The daylight of their native land behold.

IPHIGENIA.
He speaks not of my father, doth not name
Him with the fallen. He may yet survive!
I may behold him! still hope on, my heart!

PYLADES.
Yet happy are the thousands who receiv'd
Their bitter death-blow from a hostile hand!
For terror wild, and end most tragical,
Some hostile, angry, deity prepar'd,
Instead of triumph, for the home-returning.
Do human voices never reach this shore?
Far as their sound extends, they bear the fame
Of deeds unparallel'd. And is the woe
Which fills Mycene's halls with ceaseless sighs
To thee a secret still?--And know'st thou not
That Clytemnestra, with Ægisthus' aid,
Her royal consort artfully ensnar'd,
And murder'd on the day of his return?--
The monarch's house thou honourest! I perceive
Thy heaving bosom vainly doth contend
With tidings fraught with such unlook'd-for woe
Art thou the daughter of a friend? or born
Within the circuit of Mycene's walls?
Do not conceal it, nor avenge on me
That here the horrid crime I first announc'd.

IPHIGENIA.
Proceed, and tell me how the deed was done.

PYLADES.
The day of his return, as from the bath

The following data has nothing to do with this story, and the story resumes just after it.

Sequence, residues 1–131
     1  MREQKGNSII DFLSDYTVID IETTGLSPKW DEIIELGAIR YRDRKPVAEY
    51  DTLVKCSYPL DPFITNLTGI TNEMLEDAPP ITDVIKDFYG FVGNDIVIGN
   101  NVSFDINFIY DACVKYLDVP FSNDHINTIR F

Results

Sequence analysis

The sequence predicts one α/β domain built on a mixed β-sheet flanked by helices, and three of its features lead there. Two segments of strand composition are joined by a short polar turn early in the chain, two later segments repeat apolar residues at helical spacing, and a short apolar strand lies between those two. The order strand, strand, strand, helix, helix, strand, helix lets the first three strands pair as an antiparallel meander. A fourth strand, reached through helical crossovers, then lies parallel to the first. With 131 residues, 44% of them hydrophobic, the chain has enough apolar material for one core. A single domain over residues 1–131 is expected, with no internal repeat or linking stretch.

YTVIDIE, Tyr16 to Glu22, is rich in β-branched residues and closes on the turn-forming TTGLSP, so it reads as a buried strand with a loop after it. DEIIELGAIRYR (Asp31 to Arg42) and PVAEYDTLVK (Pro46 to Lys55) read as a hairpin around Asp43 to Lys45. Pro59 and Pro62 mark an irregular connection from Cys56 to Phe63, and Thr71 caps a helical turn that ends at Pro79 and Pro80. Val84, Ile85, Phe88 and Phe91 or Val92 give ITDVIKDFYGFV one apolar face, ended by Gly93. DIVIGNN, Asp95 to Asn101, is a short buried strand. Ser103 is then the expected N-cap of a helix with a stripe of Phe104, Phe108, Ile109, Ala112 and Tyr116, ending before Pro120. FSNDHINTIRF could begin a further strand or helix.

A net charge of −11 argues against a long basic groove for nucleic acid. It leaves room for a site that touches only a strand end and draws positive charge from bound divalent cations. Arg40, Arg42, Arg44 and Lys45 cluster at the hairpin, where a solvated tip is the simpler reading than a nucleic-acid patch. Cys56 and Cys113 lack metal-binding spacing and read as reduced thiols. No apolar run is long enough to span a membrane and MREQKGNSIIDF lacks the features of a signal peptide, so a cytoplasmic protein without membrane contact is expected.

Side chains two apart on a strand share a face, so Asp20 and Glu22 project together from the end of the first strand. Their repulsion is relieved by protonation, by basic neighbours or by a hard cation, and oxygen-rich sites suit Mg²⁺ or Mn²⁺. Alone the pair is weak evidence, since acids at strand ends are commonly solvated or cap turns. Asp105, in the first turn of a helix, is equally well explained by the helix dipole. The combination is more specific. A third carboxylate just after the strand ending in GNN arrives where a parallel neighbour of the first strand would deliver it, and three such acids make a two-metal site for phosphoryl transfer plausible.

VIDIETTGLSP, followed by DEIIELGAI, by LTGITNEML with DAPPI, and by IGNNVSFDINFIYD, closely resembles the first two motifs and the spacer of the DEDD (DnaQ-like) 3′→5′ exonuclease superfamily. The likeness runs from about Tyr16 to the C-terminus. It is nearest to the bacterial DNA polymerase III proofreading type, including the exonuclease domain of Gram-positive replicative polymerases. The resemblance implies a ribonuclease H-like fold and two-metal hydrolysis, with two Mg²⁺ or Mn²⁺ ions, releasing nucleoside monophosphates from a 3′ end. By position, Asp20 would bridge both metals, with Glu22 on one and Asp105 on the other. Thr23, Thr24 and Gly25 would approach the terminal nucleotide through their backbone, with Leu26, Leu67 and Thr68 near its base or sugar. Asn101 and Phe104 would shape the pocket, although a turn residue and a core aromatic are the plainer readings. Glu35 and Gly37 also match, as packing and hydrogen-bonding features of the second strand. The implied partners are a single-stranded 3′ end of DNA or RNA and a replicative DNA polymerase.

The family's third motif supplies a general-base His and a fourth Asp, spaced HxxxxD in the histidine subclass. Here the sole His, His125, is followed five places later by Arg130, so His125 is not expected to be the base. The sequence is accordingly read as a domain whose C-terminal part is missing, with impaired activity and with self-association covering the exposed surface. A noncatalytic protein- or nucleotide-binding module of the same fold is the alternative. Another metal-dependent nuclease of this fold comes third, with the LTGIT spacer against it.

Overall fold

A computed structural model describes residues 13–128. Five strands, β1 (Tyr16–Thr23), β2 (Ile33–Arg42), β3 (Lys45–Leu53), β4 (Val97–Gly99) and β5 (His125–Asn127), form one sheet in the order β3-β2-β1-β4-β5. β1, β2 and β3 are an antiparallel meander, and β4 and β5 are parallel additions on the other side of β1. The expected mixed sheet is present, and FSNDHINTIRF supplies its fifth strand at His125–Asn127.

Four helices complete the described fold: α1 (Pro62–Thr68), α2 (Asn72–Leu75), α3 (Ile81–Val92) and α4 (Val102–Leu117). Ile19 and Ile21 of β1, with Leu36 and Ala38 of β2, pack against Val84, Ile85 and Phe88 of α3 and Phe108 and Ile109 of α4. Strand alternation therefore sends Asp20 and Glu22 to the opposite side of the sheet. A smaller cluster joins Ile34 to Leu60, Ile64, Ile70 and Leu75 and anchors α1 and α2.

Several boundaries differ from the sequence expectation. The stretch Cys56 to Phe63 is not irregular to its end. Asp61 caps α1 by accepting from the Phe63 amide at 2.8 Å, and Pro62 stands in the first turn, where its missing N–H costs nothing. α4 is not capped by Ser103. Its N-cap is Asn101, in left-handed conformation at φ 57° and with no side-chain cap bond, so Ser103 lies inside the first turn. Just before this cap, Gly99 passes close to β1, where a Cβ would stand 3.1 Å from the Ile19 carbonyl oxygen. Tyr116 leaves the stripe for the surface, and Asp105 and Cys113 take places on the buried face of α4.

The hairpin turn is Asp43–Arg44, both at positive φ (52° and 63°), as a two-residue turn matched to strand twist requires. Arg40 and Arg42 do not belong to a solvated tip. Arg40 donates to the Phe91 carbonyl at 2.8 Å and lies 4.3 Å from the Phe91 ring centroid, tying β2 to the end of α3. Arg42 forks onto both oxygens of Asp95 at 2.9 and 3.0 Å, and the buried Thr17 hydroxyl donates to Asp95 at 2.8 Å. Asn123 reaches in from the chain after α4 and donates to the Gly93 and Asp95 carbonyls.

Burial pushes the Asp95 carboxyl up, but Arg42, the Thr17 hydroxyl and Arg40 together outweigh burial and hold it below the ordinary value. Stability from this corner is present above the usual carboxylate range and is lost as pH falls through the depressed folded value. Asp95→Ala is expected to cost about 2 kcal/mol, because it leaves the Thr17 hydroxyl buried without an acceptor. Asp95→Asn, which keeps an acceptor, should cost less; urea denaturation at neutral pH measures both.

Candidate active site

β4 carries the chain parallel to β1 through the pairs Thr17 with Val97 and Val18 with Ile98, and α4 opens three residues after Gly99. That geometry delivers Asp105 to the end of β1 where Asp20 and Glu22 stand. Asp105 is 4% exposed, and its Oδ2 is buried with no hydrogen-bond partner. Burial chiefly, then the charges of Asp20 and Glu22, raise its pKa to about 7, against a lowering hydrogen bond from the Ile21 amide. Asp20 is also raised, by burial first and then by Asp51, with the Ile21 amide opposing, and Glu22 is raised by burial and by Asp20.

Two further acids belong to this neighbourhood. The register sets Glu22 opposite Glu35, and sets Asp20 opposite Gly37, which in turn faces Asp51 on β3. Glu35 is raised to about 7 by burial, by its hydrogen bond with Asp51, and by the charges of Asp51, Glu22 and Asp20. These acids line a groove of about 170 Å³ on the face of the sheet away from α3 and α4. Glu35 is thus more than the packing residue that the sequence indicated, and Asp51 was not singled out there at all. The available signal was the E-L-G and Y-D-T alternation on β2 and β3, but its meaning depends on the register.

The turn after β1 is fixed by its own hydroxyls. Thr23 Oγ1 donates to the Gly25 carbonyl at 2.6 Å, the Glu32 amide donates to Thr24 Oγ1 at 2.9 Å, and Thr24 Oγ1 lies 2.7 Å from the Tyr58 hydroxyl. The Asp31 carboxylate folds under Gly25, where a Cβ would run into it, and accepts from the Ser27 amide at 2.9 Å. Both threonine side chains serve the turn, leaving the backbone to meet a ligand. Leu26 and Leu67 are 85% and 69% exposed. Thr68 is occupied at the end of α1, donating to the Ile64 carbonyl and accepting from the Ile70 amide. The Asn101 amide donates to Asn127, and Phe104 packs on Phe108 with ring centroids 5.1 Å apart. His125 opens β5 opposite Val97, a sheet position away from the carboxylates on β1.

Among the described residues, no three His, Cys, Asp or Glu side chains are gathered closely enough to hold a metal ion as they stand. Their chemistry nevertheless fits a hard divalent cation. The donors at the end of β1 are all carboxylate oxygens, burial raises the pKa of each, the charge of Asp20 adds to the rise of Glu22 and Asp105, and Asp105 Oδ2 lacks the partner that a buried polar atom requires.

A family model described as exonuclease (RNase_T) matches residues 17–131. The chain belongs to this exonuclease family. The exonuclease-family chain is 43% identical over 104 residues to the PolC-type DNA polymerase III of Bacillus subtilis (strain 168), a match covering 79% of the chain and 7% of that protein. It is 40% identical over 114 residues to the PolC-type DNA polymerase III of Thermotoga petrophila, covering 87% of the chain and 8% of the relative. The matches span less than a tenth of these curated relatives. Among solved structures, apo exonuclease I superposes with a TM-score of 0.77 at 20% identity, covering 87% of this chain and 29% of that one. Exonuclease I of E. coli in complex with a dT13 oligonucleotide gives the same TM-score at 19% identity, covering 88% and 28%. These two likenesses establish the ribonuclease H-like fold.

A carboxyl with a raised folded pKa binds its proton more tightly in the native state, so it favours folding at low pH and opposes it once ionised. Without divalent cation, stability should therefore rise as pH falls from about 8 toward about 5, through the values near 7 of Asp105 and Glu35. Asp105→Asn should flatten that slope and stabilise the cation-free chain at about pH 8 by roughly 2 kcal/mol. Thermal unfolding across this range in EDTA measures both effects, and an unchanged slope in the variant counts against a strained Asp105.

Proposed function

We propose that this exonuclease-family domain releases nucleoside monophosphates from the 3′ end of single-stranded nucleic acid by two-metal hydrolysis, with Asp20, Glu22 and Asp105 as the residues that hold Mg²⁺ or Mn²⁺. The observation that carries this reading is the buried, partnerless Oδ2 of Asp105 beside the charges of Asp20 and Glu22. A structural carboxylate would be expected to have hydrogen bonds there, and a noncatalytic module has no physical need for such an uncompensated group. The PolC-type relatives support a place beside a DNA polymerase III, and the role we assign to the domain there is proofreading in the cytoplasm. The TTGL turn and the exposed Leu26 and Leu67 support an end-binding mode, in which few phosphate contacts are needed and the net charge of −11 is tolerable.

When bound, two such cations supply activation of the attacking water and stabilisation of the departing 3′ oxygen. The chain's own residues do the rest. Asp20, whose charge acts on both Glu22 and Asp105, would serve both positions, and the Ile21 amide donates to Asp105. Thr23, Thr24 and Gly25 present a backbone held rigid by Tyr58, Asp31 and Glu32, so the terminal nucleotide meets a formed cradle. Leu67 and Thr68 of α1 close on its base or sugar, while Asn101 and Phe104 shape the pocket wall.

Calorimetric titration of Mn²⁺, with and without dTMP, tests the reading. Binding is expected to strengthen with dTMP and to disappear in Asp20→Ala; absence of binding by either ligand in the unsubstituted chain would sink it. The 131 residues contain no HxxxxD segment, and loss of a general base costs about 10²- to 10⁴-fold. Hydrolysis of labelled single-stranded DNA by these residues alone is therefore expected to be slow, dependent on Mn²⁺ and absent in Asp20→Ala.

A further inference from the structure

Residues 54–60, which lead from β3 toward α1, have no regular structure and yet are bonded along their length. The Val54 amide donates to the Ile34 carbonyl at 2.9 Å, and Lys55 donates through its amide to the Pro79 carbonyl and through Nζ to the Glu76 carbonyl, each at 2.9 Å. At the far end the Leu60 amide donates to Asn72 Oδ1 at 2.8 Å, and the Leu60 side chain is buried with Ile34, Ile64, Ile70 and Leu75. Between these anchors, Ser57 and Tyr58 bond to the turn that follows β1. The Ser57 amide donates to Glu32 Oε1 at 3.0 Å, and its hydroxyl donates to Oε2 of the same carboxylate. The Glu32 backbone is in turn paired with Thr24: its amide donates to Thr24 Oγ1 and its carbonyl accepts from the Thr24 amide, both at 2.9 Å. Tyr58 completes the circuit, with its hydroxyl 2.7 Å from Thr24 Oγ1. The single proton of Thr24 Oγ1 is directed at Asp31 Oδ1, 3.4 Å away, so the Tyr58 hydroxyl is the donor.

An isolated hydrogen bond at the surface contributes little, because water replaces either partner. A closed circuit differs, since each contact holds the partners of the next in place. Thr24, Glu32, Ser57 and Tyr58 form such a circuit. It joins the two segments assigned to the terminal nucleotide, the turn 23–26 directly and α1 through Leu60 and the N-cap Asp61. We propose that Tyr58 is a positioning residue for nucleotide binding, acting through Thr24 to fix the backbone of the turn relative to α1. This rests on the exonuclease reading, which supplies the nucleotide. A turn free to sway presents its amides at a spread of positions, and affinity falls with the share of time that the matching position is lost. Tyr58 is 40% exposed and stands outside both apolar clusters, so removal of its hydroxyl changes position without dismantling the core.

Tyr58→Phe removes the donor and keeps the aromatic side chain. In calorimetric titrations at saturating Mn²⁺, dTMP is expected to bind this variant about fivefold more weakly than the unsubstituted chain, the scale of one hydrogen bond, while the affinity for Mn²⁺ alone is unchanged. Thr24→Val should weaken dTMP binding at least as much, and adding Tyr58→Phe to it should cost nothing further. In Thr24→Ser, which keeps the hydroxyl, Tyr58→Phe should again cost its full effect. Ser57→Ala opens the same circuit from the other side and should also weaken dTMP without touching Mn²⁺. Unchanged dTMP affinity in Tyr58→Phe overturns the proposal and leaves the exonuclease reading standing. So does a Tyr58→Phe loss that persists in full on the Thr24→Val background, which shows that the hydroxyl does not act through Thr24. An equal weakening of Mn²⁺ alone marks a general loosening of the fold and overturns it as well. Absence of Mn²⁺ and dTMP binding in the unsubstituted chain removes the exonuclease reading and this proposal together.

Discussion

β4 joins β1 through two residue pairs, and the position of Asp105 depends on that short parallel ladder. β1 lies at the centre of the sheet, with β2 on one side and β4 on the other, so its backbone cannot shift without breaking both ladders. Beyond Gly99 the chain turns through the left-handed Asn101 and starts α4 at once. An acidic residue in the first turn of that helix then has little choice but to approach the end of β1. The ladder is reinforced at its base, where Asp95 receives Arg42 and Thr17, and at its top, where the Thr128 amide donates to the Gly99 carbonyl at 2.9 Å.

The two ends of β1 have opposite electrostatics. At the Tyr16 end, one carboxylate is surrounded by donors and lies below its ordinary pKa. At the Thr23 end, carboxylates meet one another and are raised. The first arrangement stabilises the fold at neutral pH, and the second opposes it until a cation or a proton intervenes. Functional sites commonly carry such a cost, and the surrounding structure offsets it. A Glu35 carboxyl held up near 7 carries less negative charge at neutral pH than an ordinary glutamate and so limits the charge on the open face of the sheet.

Arose the monarch, tranquil and refresh'd.
His robe demanding from his consort's hand,
A tangl'd garment, complicate with folds.
She o'er his shoulders flung and noble head;
And when, as from a net, he vainly strove
To extricate himself, the traitor, base
Ægisthus, smote him, and envelop'd thus
Great Agamemnon sought the shades below.

IPHIGENIA.
And what reward receiv'd the base accomplice?

PYLADES.
A queen and kingdom he possess'd already.

IPHIGENIA.
Base passion prompted, then, the deed of shame?

PYLADES.
And feelings, cherish'd long, of deep revenge.

IPHIGENIA.
How had the monarch injured Clytemnestra?

PYLADES.
By such a dreadful deed, that if on earth
Aught could exculpate murder, it were this.
To Aulis he allur'd her, when the fleet
With unpropitious winds the goddess stay'd;
And there, a victim at Diana's shrine,
The monarch, for the welfare of the Greeks,
Her eldest daughter doom'd. And this, 'tis said,
Planted such deep abhorrence in her heart,
That to Ægisthus she resign'd herself,
And round her husband flung the web of death.

IPHIGENIA. (veiling herself).
It is enough! Thou wilt again behold me.

PYLADES, alone.
The fortune of this royal house, it seems,
Doth move her deeply. Whosoe'er she be,
She must herself have known the monarch well;--
For our good fortune, from a noble house,
She hath been sold to bondage. Peace, my heart!
And let us steer our course with prudent zeal
Toward the star of hope which gleams upon us.